As I was wrapping up the editing process for Hunt Club, I learned that part of promoting a book is figuring out the proper genre. Indeed, word has it some publishers won’t even bother with a book that doesn’t fall squarely into an easy to promote category.
This weighed a bit on my thoughts. In trying to make my story something new and different, I might have crossed a genre or two. I didn’t want to disappoint someone looking for a hot sexy vampire romance or a hard bitten police procedural set in a big tough city.
My story actually takes place in a small city, where a historical hotel is hosting a ghost hunters convention. One of the celebrity guests is murdered. The local police detective finds a very old ally of his law enforcing ancestors and ropes her into the investigation. They encounter lots of unusual characters, have some scary near misses, and perhaps experience a ghost sighting or two.
I considered calling it an urban fantasy, but it brings to mind stories that take place in big tough cities, whereas my imaginary town of Findwell is more like the small cities in Missouri and Arkansas which have become so familiar to me. “Southern Vampire Story” doesn’t fit either. I don’t really consider myself in the south until I get to central Arkansas, where they begin talking funny and serving ridiculously decadent food. (I mean that with the greatest affection.)
I toyed with the idea of calling it a “Paranormal Murder Mystery.” I really didn’t want to over-emphasize the vampire part and the term “Paranormal” seemed to encompass the fantasy elements of the story without making the reader expect elves and magic quests. Unfortunately, I’ve been assured that in the world of book selling, the term “Paranormal” is becoming inseparably bound to “Romance.” Using it in the description might disappoint those hoping to read about entities that bump and grind in the night.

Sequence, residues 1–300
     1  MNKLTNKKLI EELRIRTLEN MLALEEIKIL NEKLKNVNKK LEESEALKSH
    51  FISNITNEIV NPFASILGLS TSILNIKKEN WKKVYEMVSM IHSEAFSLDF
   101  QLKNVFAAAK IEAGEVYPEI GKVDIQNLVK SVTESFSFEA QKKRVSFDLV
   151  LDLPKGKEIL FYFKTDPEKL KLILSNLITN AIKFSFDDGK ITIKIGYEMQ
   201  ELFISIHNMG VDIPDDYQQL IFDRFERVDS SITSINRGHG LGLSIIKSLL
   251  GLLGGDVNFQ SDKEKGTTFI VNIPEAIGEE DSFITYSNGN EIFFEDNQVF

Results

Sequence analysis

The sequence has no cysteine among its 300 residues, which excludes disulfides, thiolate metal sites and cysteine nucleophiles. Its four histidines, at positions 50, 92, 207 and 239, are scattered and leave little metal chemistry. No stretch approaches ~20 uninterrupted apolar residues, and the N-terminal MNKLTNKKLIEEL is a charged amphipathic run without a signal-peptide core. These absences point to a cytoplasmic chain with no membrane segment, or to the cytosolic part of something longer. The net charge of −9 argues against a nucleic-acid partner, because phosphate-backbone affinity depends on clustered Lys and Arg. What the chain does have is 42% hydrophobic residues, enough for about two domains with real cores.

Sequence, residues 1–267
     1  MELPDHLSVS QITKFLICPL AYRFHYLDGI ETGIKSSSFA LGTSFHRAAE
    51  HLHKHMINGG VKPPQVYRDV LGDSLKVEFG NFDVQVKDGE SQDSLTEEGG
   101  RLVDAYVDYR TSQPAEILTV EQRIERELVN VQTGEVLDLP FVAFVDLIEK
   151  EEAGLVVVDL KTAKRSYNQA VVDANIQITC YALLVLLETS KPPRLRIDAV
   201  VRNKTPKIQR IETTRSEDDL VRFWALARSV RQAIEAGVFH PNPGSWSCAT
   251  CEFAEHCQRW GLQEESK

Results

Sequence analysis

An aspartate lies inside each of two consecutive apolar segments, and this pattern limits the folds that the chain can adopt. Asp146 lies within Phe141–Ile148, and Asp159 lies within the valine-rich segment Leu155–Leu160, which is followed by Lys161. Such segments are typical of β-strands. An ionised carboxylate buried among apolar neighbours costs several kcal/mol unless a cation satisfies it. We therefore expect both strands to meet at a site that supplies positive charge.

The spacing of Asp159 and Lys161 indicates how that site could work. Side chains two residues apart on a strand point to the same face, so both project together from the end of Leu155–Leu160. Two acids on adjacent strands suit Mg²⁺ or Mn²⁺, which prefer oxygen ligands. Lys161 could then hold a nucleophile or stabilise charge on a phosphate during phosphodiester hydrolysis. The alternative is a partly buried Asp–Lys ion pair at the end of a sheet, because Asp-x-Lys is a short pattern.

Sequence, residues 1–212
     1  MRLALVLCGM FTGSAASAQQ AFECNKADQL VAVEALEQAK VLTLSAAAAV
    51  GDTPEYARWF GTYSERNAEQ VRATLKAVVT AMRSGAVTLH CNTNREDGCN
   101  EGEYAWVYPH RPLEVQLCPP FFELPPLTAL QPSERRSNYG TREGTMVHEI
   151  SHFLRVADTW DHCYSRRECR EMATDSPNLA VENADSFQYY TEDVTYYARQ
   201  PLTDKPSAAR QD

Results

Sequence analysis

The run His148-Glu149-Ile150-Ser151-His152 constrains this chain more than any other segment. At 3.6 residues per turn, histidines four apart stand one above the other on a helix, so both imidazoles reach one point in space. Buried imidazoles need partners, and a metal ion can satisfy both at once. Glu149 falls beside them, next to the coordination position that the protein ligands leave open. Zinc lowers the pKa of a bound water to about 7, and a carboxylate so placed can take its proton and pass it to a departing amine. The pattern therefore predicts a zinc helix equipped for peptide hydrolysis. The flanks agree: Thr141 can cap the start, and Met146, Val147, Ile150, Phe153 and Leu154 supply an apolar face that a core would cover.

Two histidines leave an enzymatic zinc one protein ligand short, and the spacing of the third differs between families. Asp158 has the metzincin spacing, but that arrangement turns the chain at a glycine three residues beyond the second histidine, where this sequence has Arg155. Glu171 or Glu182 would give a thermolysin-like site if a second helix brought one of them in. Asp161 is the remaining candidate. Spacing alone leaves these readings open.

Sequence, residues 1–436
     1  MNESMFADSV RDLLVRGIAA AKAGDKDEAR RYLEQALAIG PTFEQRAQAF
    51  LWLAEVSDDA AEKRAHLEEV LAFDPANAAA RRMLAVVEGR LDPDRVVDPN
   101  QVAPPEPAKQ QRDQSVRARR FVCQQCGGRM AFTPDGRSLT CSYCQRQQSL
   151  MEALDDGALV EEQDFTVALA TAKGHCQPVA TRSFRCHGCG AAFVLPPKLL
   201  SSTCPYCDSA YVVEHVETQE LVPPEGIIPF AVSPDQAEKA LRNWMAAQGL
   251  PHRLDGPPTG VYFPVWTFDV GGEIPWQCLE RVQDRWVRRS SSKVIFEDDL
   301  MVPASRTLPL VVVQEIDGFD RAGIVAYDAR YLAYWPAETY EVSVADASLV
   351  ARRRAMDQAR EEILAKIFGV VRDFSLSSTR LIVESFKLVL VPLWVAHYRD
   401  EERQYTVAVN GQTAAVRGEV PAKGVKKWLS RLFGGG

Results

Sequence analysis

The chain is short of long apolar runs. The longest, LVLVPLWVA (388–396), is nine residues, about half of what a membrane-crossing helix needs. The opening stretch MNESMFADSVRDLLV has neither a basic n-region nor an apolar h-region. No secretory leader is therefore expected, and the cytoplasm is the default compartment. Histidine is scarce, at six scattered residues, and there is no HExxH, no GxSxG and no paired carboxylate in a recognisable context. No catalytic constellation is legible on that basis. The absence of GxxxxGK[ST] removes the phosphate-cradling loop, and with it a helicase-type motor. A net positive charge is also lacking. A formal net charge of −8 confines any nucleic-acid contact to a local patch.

Somewhere in the midst of my pondering, I started running into the term “Cozy’ associated with murder mysteries. It sounded humorous to me, like a contradiction in terms (“Does it qualify as a cold-blooded murder if you were wearing a parka?”)
I finally looked up some information on the genre, just for fun, only to end up a little bewildered. My story actually did seem to have most of the qualifying elements.
1) It’s set in a small community.
2) The main character is female and not officially on the force. She has relatives of a sort who bring her in on cases from time to time.
3) Supporting characters tend to be a bit eccentric. Since most of mine are either employees at an allegedly haunted hotel, or guests at a convention, this seems to me quite realistic. I’ve been to a lot of different conventions and met many weird and wonderful people. Nobody acts normal at a convention unless it is work related. (Sometimes, not even then).
4) Little if any cussing. Sex and violence are also downplayed.
5) There are references to a few genteel hobbies.
6) Oh, and there’s a cat in the story too.
Have I invented a new genre? If you have read “Hunt Club,” let me know if you think “Cozy Vampire Murder Mystery” is a good description. If you haven’t yet read it yet, it can be ordered as an e-book on Amazon.